During this phase of testing I used the SCARPA Kailash boots on 3 day hikes and 3 overnight trips in the Cascade Mountains. The day hikes were on maintained trails that consisted of bare dirt and some rocky terrain. Elevation gain was around 3,000 ft (900 m). My day pack weight averaged 15 lbs (7 kg). Temperatures ranged from 65 to 40 F (18 to 4 C) on these day hikes. Two of the trips were under sunny skies and the third day hike was quite soggy with intermittent rain throughout the day.
Then it was back to bare dirt trail to camp at 5,800 ft (1,750 m).
The next day involved negotiating more granite slab terrain, eventually gaining the Eldorado snowfield. Then on to Eldorado Glacier, roping up and donning crampons for the 2,000 ft (600 m) climb to the summit. I had sunny weather for this trip and temperatures ranged from 50 to 25 F (10 to -4 C). Pack weight to camp was around 50 lbs (23 kg) and my summit pack was around 20 lbs (9 kg).
The second trip started out on maintained trail, transitioned to rocky terrain which led to camp at a high lake. From camp the next day I went on a scramble to a nearby peak, negotiating rocky terrain with some snow cover. Elevation gain from camp was around 1,500 ft (450 m). This trip was under sunny skies, with temperatures reaching nearly 70 F (21 C) during the day, but dipping down to below freezing at night.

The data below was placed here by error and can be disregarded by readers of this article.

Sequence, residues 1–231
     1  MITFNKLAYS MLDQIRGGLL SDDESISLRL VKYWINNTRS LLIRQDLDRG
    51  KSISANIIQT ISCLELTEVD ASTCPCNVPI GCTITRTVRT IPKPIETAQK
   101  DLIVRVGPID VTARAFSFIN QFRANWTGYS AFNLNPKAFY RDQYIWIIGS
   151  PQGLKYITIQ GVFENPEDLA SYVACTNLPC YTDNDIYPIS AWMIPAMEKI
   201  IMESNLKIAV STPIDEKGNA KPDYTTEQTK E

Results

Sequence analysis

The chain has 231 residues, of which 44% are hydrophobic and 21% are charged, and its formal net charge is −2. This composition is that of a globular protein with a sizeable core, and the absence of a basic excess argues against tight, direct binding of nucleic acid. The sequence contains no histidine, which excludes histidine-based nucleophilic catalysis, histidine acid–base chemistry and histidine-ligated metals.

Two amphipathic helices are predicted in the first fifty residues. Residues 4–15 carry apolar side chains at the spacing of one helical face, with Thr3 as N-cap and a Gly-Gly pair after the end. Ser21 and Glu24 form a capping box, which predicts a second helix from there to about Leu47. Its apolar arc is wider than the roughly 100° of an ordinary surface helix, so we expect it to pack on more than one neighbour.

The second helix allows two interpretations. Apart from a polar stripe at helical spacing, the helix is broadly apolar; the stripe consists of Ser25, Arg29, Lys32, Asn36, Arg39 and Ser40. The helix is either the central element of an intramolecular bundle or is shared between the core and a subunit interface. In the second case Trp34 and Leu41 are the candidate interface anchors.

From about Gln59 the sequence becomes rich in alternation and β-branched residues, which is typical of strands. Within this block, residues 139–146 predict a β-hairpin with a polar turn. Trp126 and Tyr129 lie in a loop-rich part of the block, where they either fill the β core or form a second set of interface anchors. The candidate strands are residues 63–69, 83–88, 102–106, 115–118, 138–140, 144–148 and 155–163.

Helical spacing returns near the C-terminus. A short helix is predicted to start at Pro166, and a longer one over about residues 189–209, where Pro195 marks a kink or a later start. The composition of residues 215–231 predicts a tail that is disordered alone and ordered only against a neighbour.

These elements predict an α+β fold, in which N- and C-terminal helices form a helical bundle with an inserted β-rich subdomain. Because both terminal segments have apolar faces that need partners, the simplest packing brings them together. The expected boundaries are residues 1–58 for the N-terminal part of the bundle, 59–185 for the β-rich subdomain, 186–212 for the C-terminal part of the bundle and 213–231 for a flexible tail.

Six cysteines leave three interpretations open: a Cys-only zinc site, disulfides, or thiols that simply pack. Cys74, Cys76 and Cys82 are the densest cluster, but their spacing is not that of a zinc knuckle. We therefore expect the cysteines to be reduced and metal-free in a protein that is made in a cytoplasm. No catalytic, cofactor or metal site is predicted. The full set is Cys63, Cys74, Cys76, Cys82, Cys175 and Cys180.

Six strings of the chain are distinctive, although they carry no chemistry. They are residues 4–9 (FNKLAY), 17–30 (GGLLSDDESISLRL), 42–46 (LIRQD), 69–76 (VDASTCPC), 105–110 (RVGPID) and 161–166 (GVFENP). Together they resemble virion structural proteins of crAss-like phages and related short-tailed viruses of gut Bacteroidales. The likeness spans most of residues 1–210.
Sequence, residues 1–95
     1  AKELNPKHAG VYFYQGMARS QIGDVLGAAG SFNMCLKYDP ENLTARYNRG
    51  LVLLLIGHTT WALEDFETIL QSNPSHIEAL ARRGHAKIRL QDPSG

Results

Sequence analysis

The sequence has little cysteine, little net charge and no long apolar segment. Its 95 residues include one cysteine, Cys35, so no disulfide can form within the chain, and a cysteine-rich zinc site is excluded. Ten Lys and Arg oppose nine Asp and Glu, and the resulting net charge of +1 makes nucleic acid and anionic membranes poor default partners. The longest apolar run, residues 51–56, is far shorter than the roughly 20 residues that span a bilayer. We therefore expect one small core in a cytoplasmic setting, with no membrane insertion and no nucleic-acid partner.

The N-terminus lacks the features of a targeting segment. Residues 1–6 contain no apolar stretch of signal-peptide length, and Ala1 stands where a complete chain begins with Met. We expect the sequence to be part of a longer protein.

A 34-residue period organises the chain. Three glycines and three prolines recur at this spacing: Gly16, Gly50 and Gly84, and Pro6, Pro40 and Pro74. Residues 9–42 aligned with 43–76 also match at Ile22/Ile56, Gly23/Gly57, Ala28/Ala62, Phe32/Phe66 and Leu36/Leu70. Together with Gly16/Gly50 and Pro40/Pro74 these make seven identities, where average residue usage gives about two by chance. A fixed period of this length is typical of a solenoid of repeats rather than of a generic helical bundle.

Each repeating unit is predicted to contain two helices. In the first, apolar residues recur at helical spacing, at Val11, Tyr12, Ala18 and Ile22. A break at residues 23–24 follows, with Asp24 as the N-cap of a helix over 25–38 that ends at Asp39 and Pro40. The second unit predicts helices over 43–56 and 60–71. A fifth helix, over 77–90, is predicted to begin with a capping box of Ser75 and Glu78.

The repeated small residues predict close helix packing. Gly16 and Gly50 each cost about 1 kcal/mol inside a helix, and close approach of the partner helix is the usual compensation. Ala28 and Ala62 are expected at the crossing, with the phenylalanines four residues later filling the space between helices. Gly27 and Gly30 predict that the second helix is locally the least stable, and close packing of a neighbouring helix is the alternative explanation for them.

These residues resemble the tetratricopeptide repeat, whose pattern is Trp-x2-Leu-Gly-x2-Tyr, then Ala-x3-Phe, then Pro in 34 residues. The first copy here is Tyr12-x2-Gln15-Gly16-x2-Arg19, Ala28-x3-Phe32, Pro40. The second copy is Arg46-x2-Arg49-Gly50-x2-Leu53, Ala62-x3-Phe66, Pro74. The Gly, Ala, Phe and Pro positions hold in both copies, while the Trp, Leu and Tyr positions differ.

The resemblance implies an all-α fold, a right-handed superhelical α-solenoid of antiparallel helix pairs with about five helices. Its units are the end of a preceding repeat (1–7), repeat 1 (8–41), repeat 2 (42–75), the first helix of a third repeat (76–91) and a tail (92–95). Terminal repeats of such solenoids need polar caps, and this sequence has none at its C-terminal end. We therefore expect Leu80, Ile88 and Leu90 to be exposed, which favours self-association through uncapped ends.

My last overnight trip was to a lovely alpine lake. For this trip I was on a maintained trail that was a combination bare dirt and wet snow. I encountered precipitation in the form of rain and wet snow on this trip and temperatures were around 50 F (10 C) during the day and down to 30 F (-1 C) at night. Pack weight for this trip was around 45 lbs (20 kg).
PERFORMANCE IN THE FIELD
The Kailash boots continued to perform well whether I was on a maintained trail or if on a rocky off trail scramble. I continued to use a one sock system and the boots were comfortable, no hot spots or blisters, on either day trips with a light pack or on the overnight trips carrying a heavier load.
The next day when it came time to ascend the glacier, my strap-on crampons attached easily to the Kailash boots as they had before. I then had secure and sure footing along the glacier route and on up the knife edge summit. Sure footing was an absolute must when ascending that final summit ridge because the slope falls away, straight down over 1,000 ft (300 m) on either side. I was really impressed with the performance of the Kailash boots on this trip. They were perfect for the forested and rocky trail, and then worked well with crampons on the glacier. I was pleased to have pushed them to function as a mountaineering boot under the right conditions.